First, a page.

Behind the Scenes

edited – 12/4/2009

There is a lot that goes on to make the display happen. At the heart of the display is an old Dell laptop. It runs a program called Aurora. The computer sends control signals to hardware light controllers made by a company called D-Light. I can not say enough about these two companies. The owners will go out of their way to make you happy. If you are interested in doing a synchronized display, look no further than Aurora and D-Light.

In 2007, I started with a single 16 channel controller, the ACx16. This year I have 10 ACx16’s!  I also added a “mega tree” and “piano” effects. With 2 spare channels, I am using 158 of 160 channels! As of December 4th, there is still one element to be added.

When you come by to see the display, be sure to tune your car radio to 87.9 FM. Our lights are programmed to the music on this station. A low power radio transmitter takes the audio from the computer and broadcasts it to your car.

My local Home Depot had a large stock of lights after Christmas last year. I am able to buy most of my lights for 50-75% off, many of which are LED. LEDs are the latest in Christmas light technology. They simply use MUCH less electricity than standard, incandescent lights. My display of about 20,000 lights uses about 40% LEDs. This brings up another question I get asked a lot.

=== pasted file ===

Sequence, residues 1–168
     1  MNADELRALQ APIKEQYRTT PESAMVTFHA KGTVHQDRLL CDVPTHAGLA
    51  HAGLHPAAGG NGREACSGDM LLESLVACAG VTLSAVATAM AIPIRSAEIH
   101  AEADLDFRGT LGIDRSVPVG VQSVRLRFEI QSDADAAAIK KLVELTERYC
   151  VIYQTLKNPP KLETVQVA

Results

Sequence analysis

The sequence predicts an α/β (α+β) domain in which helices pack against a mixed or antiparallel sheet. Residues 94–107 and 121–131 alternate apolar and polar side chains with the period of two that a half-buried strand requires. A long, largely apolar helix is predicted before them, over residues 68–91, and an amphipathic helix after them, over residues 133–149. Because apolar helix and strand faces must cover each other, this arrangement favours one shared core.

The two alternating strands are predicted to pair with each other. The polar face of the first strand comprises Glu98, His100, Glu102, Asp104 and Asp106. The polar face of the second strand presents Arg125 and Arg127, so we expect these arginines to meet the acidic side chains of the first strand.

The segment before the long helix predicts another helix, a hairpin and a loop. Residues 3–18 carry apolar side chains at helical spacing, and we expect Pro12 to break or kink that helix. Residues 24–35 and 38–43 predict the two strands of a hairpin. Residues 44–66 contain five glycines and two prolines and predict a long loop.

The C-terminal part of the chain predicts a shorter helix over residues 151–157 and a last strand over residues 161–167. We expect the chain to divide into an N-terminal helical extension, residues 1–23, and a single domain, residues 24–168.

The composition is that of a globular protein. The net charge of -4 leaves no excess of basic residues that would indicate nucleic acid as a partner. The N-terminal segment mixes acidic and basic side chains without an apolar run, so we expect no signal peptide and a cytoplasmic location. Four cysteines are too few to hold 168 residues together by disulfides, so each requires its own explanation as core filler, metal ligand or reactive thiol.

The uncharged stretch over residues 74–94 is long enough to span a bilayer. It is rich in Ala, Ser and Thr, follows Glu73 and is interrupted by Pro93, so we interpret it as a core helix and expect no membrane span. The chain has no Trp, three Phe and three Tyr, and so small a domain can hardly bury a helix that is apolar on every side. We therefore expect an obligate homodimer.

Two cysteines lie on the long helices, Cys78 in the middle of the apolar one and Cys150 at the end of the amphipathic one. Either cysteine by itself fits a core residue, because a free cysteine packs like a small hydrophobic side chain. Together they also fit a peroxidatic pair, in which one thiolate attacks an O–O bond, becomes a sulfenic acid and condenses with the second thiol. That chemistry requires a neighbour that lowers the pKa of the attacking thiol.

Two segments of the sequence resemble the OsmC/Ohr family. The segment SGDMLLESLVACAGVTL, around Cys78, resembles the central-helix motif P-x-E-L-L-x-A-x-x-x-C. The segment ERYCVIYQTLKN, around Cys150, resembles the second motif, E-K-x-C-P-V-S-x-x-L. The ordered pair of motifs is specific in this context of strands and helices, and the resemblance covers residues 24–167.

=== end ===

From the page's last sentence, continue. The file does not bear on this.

“How much is your electricity bill?”  Honestly, maybe $50 higher than normal. This is because I use lots of LED lights and the display is computer controlled. Because the lights blink the entire show, they are really only ON about 20% of the time! It’s a good thing my electricity bill isn’t high…. I don’t know if I could afford an outrageous bill after buying everything else to make the show work!

The ability to make a single element of the display come on by itself means that it must have its own controller channel and extension cord. I have about 2500′ of extension cord all over the yard, porches, and flower beds! This is a major expense to plan for if you are considering making your own display.

By far the most time consuming part of the display is the programming. It takes about 2 – 3 hours of programming to every 1 minute of song! This year I started off with 3 songs totaling about 8 minutes which comes to about 16 – 24 hours of programming!! Setting up the display is actually the easy part. I was able to hang/set up most of the lights in about 3 days. We plan to add at least 3-5 more songs, so check back often.

I am often asked “Why do you do it?” My favorite responses are “Because I can!”, “Why not?”, or “It’s for the Kids”! They are all true. It also combines three things that I love: Christmas lights, computers, and music. My kids think I am the coolest dad in the world! I like that. 🙂

Finally, don’t ask me how much money I have spent! I really don’t want to know. People spend money on vehicles, golf, and hunting. Me…. I buy Christmas lights!

I plan on taking some pictures of the “behind the scenes” for everyone to see.

Enjoy the show!